Josh Michaels

“If all Josh Michaels served up in Outlaws was a darkly comic take on the dilemma of having sex with one’s in- laws—a provocative theme reminiscent of Philip Roth at his best—it would have been enough. But Outlaws, a compellingly readable first novel that touches down in Florida, Southern California, Venice, and Las Vegas, offers so much more. Painting a scathing portrait of a modern American family, Michaels mixes vignettes of petty squabbling and cringe-worthy spats with moments of genuine tragedy and revelation. Along the way, there are engaging riffs on the history of Venice, the humiliations of academic life, the world of pet rescue activists, and ruminations on Mozart’s The Magic Flute, including a sympathetic (and long overdue) reassessment of the Queen of the Night. The beauty of Outlaws is that all of this fits together in a seamless, beautifully written narrative you won’t soon forget. A solid literary debut, highly recommended.”

Josh Getlin — New York-based books and culture writer,
former New York Bureau Chief for the Los Angeles Times



Belgium and the First World War

Henri Pirenne

The First World War began with the invasion of Belgium. Except for a thin slice of territory south of the Yser River, Belgium was entirely occupied by the Germans from October 15, 1914 until the armistice. The suffering of the Belgian people, which made such a vivid impression on Americans, British, Canadians, and Australians at the time, has been largely forgotten.

With eloquence and passion, the eminent medievalist Henri Pirenne (1862-1935) describes the hunger, the deprivations, the unemployment, the arbitrary arrests and deportations, the indignities of home invasions and confiscations, the censorship, the conscription of workers, the dismantling and destruction of Belgian factories, and the administrative division of the country.Belgium and the First World War comprehensively surveys the catastrophe and chronicles the stoicism and the resiliency with which Belgians responded.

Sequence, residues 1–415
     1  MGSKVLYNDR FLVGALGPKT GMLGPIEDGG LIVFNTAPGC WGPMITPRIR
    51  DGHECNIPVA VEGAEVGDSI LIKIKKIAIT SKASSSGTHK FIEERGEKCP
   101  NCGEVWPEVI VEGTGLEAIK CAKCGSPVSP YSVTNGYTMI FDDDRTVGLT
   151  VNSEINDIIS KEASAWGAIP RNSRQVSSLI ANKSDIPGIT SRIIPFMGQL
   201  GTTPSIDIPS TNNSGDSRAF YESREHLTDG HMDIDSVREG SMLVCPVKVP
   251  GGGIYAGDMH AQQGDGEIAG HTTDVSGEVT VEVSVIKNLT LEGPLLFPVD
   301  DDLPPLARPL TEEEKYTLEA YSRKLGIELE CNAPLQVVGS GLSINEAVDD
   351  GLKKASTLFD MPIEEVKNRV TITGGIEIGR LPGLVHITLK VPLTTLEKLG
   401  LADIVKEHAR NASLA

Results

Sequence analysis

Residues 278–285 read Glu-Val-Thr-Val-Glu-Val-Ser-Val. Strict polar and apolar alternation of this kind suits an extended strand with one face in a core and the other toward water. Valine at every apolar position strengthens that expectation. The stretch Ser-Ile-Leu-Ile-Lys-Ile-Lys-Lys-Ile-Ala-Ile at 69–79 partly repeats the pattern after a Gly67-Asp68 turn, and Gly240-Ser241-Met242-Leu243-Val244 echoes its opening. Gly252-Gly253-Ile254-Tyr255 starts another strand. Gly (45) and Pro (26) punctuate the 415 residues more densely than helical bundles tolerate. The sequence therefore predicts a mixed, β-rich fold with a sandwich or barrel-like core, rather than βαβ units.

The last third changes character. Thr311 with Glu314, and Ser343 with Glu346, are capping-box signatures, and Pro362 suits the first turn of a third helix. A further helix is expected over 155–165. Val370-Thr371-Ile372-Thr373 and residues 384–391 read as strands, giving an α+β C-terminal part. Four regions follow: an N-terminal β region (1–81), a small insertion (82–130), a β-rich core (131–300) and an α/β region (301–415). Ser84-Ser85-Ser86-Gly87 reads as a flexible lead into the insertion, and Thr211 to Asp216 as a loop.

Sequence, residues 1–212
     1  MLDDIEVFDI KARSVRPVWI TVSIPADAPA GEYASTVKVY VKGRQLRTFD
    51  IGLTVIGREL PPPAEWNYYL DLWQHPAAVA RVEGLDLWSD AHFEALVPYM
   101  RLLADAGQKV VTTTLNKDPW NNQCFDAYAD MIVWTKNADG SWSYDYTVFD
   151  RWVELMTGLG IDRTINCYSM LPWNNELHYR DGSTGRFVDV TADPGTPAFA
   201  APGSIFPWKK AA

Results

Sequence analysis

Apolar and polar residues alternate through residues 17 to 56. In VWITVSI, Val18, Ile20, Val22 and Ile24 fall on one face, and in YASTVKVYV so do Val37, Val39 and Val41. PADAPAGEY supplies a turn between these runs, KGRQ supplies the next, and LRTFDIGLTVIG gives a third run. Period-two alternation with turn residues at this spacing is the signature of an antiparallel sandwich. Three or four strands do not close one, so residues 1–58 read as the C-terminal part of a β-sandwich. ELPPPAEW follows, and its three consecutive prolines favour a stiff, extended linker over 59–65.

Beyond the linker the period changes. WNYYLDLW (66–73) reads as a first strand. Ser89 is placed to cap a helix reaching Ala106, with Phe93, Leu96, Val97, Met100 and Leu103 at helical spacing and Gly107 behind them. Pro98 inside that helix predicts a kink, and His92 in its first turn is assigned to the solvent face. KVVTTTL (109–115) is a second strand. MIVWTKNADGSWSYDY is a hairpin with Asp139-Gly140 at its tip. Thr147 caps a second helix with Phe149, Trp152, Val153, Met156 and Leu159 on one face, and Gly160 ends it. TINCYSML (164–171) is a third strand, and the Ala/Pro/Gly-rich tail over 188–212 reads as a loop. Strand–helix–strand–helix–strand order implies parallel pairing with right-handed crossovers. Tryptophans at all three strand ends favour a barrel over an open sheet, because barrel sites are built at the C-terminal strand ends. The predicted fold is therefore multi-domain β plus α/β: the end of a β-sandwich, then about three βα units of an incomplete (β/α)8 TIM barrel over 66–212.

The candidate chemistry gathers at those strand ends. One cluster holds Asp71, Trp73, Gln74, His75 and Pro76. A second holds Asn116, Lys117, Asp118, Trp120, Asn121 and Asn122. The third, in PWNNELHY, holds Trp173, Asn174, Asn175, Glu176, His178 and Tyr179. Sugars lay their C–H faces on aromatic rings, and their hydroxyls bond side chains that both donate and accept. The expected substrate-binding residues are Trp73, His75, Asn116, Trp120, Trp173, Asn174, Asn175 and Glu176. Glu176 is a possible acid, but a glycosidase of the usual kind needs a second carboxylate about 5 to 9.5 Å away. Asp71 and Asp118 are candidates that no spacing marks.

There’s Always a Girl

Barry Spacks

The characters in Barry Spacks’ There’s Always a Girl are poets, painters, actors, writers and musicians struggling to balance the needs of passion and sex with the demands of aesthetic pursuits, and with a need for transcendence. Beset by the present, enchanted and haunted by the past, their reconciliations come at great cost. The stories are at once gentle and tough; they shed light on our inner lives with tenderness, humor and compassion. This is a phenomenal gathering.

— Kirk Nesset, Drue Heinz winner for the story collection Paradise Road



Dear Katharine Courageous: The Letters of Sir Edward Grey to Katharine Lyttelton

Edited and introduced by Jeff Lipkes

The letters of Sir Edward Grey, British Foreign Secretary from 1905 to 1916, to an intimate friend, Katharine Lyttelton, include many shrewd and amusing observations about people and places, and reveal Grey’s response to personal tragedies and to the stress of office.



Rehearsals: The German Army in Belgium, August 1914

Jeff Lipkes

Rehearsals offers a vivid and moving account of the fate of Belgian civilians during the German invasion of 1914.  Nearly 6,000 civilians were summarily executed, women and children as well as men.  Commanders, believing, with the Chancellor, that “necessity knows no law,” and convinced, without any evidence, that they faced a guerrilla army organized and encouraged by priests, ordered the shootings and arson to ensure the speedy passage of their troops that the Schlieffen timetable required, and, in the case of the worst massacres, to avenge setbacks at the hands of French and Belgian forces.



Aperçus: The Aphorisms of Mignon McLaughlin

Mignon McLaughlin (1913-1983) was a short story writer and playwright with a rapier wit and an acerbic take on love, marriage, and friendship.  Her aphorisms, published between 1958 and 1966, will appeal to everyone who appreciates this aristocratic, subversive genre.  Not all of the collection consists of aphorisms, strictly speaking:  some are simply reflections, brutally honest as they are clever, on McLaughlin’s own fears and foibles.  Aperçus is truly an autobiography in epigrams.